Arris Sees More Gold in Next-Gen Tech
Almost everywhere they look these days, Arris executives see the promise of steady growth.
In a remarkably upbeat Investor Day conference for financial analysts in New York on Wednesday, Arris Group Inc. (Nasdaq: ARRS) officials extolled their opportunities for boosting revenues, profits and market share across a wide swath of cable, broadband, video, wireless and enterprise sectors as they prepare to spend a record $700 million on R&D this year. They also expressed enthusiasm for striking more M&A deals, just a few months after closing their big acquisition of Ruckus Wireless late last fall, and promoted the potential of CBRS technology. (see Ruckus Gives Arris a Boost in Q4 and Arris Hangs Hat on CBRS.)
Focusing first on the cable front, Arris executives said they see surging demand from MSO customers for DOCSIS 3.1, Distributed Access Architecture (DAA) and wireless home networking equipment and software as the industry increasingly ramps up for its latest upgrade cycle. In particular, they see demand for D3.1 and DAA gear taking off over the next couple of years.
Larry Robinson, president of Arris's CPE business, said D3.1 cable modems and WiFi home gateways accounted for roughly 10% of the company's broadband gear shipments to cable operators last year. With Arris the market-share leader in that category, he expects the D3.1 portion to jump to 75% to 80% of total shipments by 2021.
It's "a trend that's fairly consistent with the DOCSIS 3.0 migration that we experienced a couple of years back," Robinson said. "Although right now, to be completely candid, the acceleration and interest around 3.1 seems actually greater than it was for 3.0."
Going the distributed route
Similarly, Arris executives see demand climbing steeply for Remote PHY, Remote MAC/PHY and other types of DAA optical nodes and related equipment as cable operators seek to increase their capacity, ease the real-estate crunch in their headends and hubs, distribute the load down the access network and start virtualizing key network functions. In a presentation at Light Reading's Cable Next-Gen Technologies & Strategies event in Denver last week, SNL Kagan analyst Jeff Heynen projected that DAA deployments will really kick off next year after some field trials and pilot launches this year. (See Snapshot: Cable Access, a Market in Transition.)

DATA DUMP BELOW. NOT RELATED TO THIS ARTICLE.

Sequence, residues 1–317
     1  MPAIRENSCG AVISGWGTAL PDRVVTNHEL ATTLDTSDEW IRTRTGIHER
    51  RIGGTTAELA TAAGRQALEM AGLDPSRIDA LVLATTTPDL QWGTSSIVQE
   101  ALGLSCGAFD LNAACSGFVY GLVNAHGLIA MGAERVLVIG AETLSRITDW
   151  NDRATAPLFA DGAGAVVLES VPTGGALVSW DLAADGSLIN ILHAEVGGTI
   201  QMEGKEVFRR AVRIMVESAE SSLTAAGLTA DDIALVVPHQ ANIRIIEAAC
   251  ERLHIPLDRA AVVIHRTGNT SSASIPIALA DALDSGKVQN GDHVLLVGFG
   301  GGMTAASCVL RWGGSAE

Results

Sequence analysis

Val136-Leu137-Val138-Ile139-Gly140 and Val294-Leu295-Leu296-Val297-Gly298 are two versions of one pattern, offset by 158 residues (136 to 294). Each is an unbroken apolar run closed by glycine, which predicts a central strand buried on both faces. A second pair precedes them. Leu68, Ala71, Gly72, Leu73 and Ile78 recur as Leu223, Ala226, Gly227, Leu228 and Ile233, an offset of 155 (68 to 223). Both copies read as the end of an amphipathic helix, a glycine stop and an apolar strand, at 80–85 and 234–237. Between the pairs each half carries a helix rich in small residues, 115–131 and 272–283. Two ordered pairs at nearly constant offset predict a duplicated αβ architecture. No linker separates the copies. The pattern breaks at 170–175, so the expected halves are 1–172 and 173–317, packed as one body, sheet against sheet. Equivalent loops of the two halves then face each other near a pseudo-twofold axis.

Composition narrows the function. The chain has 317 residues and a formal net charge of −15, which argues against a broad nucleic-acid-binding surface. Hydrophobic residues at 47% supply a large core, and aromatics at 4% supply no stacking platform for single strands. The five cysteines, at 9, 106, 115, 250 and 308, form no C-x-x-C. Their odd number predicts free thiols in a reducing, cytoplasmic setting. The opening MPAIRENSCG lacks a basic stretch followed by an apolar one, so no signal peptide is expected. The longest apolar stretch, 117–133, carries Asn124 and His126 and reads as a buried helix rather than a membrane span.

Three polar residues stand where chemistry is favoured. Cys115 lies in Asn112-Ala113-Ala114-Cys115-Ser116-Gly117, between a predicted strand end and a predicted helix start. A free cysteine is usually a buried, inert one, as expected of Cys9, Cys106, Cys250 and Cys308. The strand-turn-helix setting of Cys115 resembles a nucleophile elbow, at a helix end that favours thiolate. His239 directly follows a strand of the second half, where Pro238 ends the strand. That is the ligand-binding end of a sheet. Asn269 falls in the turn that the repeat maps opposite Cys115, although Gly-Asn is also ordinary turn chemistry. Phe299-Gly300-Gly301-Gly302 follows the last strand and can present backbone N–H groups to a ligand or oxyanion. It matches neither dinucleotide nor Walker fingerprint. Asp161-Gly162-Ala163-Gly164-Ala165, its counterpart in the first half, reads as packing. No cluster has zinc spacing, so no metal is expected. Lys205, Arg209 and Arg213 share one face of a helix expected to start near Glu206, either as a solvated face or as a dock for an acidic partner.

For its part, Arris just announced that Stofa, a Danish cable operator, has launched what's billed as Europe's first Gigabit Internet service based on the Remote PHY spec. Stofa is leveraging Arris's flagship E6000 CCAP chassis with a software upgrade and NC2000 R-PHY optical nodes to support that deployment. "We think we're the first to market with a solution that supports both data and video, as well as VOD, on the same platform," said Dan Whalen, President of Network & Cloud for Arris. (See Arris Wins Remote PHY Deal With Stofa and Denmark's Stofa Launches First Remote-PHY Network in Europe.)
"There's clearly a shift to distributed access architecture," added Tim O'Loughlin, president of North American sales for Arris. "We're riding at all of our customers, whether it's enterprise or service provider, some of those natural technology upgrade cycles."
With the shift to DAA putting cable operators into the digital optics market, that opens the door for new rivals to Arris to emerge. But, while conceding that point, Arris executives claimed to be unfazed by that prospect.
"Who knew that HFC was cool again?" joked Arris CEO Bruce McClelland. "It will be competitive. There are lots of people who would like a piece of that, and it's going to grow over time. I would rather be where we are than where everybody else is."
High hopes for 4K
Despite the steady erosion of the legacy pay-TV business in the US, the world's biggest video market, Arris officials see plenty of strength left in the video business, which still accounts for close to 60% of their 50 million device shipments annually. As he has before, Robinson stressed that Arris will aim to boost its set-top market share selectively and focus on boosting margins and cost-cutting to counteract rising memory costs. There's a "maniacal focus on streamlining business operations," he said.
Arris is also counting on a technology upgrade cycle in the video market to stoke more business as the market's focus increasingly shifts to 4K/UHD and HDR TVs, set-tops and other electronics devices. He cited forecasts that 4K devices will climb from 25% of total video device shipments last year to "north of 80%" by 2021.
"There's even talk of 8K" driving some new use cases around video, Robinson said, although he noted that 8K is still "somewhat off the chart in terms of price."
Still looking for more deals
Even though the company is still digesting and integrating Ruckus, Arris executives said they are still on the hunt for more acquisitions that complement their current assets and focus on delivering "connectivity solutions" to service providers, consumers and businesses. In his remarks, McClelland said company officials are "looking for opportunities that are near-adjacencies to what we've in today, things that logically build on top of the businesses that we're in, so it's easier to get synergies." While he didn't name any specific companies on Arris's radar, he said targeted sectors include the enterprise area, security, wireless, transport and optical transmission. (See Arris Not Ruling Out More M&A.)
"One plus one equals more than two," McClelland said. "We're looking at things that are accretive to the business going forward."
— Alan Breznick, Cable/Video Practice Leader, Light Reading